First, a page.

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Core Web Vitals Metrics in 5 Minutes

Understand how to quantify good user experience in web pages.

Author
Feilin Liangga Putri
5 min read
Feb 16, 2024

Core Web Vitals Metrics in 5 Minutes

As developers, we often wonder what kind of web page gives good user experience. The problem arises when we try to quantify it. Enter 'Core Web Vitals' – a set of key metrics provided by Google that constitute unified guidance for quality signals. It measures real-world user experience for loading performance, interactivity, and visual stability of the page.

In this short article, we will summarize the most important things you should know about these metrics and provide you with links to learn more should you desire.

Largest Contentful Paint

LCP Standard

The first metric to consider is the Largest Contentful Paint (LCP). LCP is a metric that measures the loading performance of a page. Specifically, it marks the point in the page load timeline from a user's perspective when the main/largest content (such as images or videos) has likely loaded.

LCP is represented in seconds, where anything under 2.5 seconds is great. It is extremely crucial as it represents how quickly users can access the main content of a web page. The faster it is, the better user engagement, satisfaction, and retention. To monitor, platforms such as Google's PageSpeed Insights or Lighthouse can be used.

LCP is affected by several factors: Server response times, network latency, render-blocking resources, and the complexity of the web page's layout. Optimizing these factors can help improve LCP and overall loading performance.

Examples of such optimization techniques include:

  • Optimizing images and videos: Compressing images, using modern image formats, and lazy loading techniques
  • Minimizing render-blocking resources: Minimize synchronous stylesheets/scripts or long tasks
  • Prioritizing critical content: Preloading critical resources, optimizing server response times (reduce time to first byte), and prioritizing above-the-fold content
  • Implementing efficient caching: Leveraging browser caching, Content Delivery Networks (CDNs), and optimizing cache policies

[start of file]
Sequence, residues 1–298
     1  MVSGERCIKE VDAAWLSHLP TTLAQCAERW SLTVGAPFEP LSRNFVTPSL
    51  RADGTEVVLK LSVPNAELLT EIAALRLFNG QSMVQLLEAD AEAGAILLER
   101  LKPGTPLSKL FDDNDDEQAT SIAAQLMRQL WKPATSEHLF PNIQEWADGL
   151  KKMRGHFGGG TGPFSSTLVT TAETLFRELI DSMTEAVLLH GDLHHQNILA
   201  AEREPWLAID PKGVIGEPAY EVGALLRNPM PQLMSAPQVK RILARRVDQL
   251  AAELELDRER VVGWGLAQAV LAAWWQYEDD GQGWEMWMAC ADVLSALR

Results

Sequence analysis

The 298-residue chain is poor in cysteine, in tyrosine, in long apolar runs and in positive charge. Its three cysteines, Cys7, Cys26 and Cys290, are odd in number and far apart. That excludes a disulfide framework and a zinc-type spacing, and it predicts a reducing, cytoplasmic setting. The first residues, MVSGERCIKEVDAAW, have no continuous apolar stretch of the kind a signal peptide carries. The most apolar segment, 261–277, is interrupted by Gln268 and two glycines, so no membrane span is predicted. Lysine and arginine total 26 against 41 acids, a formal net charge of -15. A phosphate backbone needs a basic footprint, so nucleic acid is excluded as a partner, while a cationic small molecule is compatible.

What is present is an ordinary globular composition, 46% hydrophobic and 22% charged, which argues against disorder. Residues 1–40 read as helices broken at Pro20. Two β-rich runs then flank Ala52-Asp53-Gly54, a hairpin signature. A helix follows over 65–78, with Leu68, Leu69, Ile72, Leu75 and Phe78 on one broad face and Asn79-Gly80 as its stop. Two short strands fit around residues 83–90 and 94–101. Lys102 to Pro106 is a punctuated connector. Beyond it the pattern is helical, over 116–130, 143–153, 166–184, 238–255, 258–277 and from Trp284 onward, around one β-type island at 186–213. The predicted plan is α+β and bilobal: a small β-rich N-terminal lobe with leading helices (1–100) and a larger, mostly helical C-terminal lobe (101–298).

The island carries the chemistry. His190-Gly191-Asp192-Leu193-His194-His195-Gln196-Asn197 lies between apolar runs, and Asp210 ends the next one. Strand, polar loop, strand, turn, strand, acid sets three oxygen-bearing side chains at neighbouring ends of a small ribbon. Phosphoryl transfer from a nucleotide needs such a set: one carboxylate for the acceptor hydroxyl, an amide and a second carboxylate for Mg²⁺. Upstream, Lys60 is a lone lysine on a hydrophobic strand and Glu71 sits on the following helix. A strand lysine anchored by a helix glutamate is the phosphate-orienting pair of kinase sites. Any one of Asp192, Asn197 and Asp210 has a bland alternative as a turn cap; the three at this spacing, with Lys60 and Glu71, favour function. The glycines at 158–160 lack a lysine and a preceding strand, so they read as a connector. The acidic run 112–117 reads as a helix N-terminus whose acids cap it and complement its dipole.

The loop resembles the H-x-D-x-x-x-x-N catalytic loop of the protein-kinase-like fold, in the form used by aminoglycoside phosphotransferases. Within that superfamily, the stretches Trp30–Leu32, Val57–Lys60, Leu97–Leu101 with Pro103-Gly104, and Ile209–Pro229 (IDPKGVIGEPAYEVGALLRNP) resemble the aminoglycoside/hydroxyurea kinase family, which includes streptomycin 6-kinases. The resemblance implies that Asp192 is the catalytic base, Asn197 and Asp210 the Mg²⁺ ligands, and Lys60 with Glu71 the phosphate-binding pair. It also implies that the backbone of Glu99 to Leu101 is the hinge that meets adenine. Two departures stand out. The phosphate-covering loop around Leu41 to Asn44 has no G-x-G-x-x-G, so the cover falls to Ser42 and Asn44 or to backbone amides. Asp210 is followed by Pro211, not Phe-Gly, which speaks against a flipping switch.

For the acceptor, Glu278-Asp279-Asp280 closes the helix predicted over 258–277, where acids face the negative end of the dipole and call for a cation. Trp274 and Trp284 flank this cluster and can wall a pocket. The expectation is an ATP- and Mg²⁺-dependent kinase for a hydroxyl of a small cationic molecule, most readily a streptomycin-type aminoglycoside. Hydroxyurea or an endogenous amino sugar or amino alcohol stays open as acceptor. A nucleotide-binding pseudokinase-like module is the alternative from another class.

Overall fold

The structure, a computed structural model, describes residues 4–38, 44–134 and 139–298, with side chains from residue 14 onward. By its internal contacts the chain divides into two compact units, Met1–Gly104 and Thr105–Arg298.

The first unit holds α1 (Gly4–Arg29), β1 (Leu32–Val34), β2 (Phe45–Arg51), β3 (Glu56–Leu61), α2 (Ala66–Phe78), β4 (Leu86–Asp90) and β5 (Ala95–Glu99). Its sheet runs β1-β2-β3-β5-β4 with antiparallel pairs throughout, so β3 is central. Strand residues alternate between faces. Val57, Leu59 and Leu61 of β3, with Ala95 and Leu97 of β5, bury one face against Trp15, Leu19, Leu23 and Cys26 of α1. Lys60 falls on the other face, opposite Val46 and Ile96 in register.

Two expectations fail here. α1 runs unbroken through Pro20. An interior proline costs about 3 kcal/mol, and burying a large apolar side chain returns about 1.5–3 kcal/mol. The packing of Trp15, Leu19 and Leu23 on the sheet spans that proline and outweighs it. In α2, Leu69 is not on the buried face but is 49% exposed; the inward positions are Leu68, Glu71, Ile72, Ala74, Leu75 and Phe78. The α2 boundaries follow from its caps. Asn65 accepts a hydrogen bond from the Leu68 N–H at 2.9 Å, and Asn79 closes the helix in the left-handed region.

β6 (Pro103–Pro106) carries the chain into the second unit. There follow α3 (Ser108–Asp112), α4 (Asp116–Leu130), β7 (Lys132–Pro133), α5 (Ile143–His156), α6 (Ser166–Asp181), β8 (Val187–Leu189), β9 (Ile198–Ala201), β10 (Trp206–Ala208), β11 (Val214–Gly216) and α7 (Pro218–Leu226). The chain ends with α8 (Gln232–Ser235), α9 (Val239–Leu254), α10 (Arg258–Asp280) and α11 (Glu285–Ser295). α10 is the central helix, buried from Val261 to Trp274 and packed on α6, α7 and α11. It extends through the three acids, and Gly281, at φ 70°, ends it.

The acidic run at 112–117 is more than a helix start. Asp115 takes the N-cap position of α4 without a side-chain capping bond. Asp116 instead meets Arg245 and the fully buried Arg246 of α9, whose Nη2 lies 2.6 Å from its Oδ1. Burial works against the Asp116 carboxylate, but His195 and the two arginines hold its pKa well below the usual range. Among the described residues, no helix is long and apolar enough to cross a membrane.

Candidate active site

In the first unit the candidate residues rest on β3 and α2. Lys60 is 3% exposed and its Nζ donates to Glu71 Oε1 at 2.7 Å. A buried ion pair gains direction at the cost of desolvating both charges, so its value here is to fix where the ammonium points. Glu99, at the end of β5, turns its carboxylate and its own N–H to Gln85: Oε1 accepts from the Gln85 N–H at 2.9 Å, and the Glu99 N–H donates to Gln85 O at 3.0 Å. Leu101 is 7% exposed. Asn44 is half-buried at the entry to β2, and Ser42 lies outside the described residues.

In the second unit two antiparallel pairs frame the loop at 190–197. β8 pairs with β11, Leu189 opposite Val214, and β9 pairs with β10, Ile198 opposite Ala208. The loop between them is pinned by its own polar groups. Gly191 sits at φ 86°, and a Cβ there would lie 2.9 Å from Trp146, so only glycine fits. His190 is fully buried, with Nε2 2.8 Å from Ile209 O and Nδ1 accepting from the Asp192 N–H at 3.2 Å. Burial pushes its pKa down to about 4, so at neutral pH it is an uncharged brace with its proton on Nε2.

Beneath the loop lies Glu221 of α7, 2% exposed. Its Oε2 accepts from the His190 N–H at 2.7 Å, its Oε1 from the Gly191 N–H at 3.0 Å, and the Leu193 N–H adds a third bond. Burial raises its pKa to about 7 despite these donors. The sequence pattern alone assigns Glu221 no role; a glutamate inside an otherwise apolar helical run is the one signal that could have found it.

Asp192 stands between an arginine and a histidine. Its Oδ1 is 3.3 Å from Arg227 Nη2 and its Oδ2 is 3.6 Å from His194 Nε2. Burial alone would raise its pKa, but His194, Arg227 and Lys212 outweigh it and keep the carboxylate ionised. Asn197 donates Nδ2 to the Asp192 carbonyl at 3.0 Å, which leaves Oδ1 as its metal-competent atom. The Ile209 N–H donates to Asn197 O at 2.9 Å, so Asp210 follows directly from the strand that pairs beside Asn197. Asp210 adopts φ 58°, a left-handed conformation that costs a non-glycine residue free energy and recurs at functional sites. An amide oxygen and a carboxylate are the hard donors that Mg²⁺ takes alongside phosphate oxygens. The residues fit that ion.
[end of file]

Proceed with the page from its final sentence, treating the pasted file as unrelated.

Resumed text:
Useful links

First Input Delay

FID Standard

First Input Delay (FID) is also an important metric that assesses the responsiveness of a web page. Different from LCP, FID evaluates the interactivity of a page by quantifying the time taken between users' first action (such as clicking a button or tapping on a link) and how long the browser takes to respond to that.

A low FID (under 100 milliseconds) indicates that the page is highly interactive and responsive to user input, contributing to a positive user experience. Similar to LCP, FID is measured using performance monitoring tools like Google's PageSpeed Insights, Lighthouse, or web analytics platforms.

As FID is affected by code execution time, main thread activity and the presence of long tasks that block the browser's responsiveness, the following methods will help in improving it:

  • Optimizing asset loading: Utilizing asynchronous loading for scripts, leveraging browser caching, and optimizing resource delivery
  • Prioritizing critical rendering path: Prioritizing above-the-fold content, optimizing server response times, and minimizing layout shifts
  • Avoid long tasks: Identify and optimize long tasks that monopolize the main thread by breaking up long tasks into smaller, more manageable chunks using techniques like code splitting, web workers, or offloading computation to background threads
  • Reduce third-party impact: Minimize the use of third-party scripts/services or implement lazy loading or asynchronous loading for non-essential third-party resources

Useful links

Cumulative Layout Shift

CLS Standard

Lastly, Cumulative Layout Shift (CLS) measures visual stability by quantifying how much visible content moves around on the screen while loading and the total of all individual layout movement scores (ranging from 0 to 1) that happens while the page remains active. Layout shifts happen when visible elements on a page unexpectedly move to a different position, causing content to reorganize and disrupt user experience. A low CLS (under 0.1) means that the page's layout remains stable and consistent with minimum disruption for users.

CLS is affected by the following factors:

  • Images without dimensions: Images that load without specified dimensions can cause layout shifts when they render and occupy space on the page
  • Ads and embedded content: Third-party ads, iframes, or dynamically loaded content can trigger layout shifts as they load and display on the page
  • Font loading: Changes in font size or style during page rendering can lead to text reflow and layout shifts
  • Dynamic content: Content that loads asynchronously or dynamically, such as user-generated content or live updates, can cause layout shifts as it appears on the page

Hence, to reduce CLS, developers can try the following techniques:

  • Specifying image dimensions
  • Preloading and lazy loading
  • Reserving space for ads and embeds
  • Avoiding dynamically injected content

Useful links


Core Web Vitals List

Understanding and optimizing Core Web Vitals metrics are essential for developers looking to improve user experience and website performance. Multiple research shows that only about 40% of web pages pass these metrics. By focusing on them, developers can easily quantify the scores and performance of their web pages, giving users a great experience while visiting the website.